Hurriedly-Prepared Résumés are Often Inadequate
Recently, I participated in a career fair at a large university. I staffed my company’s booth and collected résumés for interviews my colleagues would conduct later this month.
In collecting résumés, I observed that a fair number of students’ résumés had lots of errors: spelling mistakes, clutter, poor organization, and so on—overall, incoherent portrayals of their credentials and achievements.
Disappointedly, I asked a few students when they had prepared their résumés for the career fair. Not surprisingly, most students responded with a “over the weekend” or “earlier this morning” answer. “Last night, I looked at the résumé I had prepared for last year’s career fair and updated it,” one student revealed.
Overcome Procrastination: Keep Your Résumé Ready
For many of us, preparing a comprehensive résumé is an overwhelming—if not the most difficult—element of the job-search process. We feel intimidated by the challenge of discussing our credentials and achievements, presenting them in a manner that will impress hiring managers—and do all this in just one page.
The result is that we often procrastinate on preparing or updating our résumés. When we need to prepare a résumé ahead of a career fair or when we discover a lead, we tend to put something together in haste and expect it to work efficiently. We do not realize that our résumés may compete with hundreds of other résumés for every job offer out there.
Update your Résumé Frequently
- If you are in college, revise your résumé at the beginning of each semester. Add relevant details from the past semester: particulars of your part-time work or course projects and update details such as your GPA or aggregate scores.
- If you work, update your résumé after each quarterly-performance review with your supervisor. Add relevant details from your projects and assignments from the recent past. Every year, after your annual-performance review, update your résumé thoroughly.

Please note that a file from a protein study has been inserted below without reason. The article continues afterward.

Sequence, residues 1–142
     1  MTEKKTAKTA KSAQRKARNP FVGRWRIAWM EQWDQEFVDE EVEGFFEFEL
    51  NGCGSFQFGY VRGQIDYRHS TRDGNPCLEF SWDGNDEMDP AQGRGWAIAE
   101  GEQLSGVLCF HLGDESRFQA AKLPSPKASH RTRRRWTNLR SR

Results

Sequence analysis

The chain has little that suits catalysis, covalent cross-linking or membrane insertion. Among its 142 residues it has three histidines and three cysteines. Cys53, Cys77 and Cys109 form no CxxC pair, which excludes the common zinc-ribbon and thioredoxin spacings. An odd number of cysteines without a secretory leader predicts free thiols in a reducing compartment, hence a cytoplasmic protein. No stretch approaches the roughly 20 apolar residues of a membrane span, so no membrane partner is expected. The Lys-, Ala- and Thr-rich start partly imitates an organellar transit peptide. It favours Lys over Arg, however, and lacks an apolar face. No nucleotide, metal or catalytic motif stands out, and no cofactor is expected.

- Review each section of your résumé critically and question yourself, “Is this section relevant? Is there anything more worthwhile that I could replace this section with?”
- Review the details in each section and ask yourself, “What else could I add to this section? How could I better present this detail?”
- Get your résumé critiqued. If you are at college, consult a career counselor at your college’s career centre. If you are employed, show your résumé to colleagues, mentors, or others who may represent the intended audience for your résumé. Request them to critique every detail and make sure they understand details of your achievements.
By updating your résumé frequently, you can reduce the anxiety of preparing an impressive résumé at short notice. With reduced stress, you can focus on preparing for the other aspects of your job-search process—researching specific companies represented at the career fair or preparing to sell yourself to interesting companies.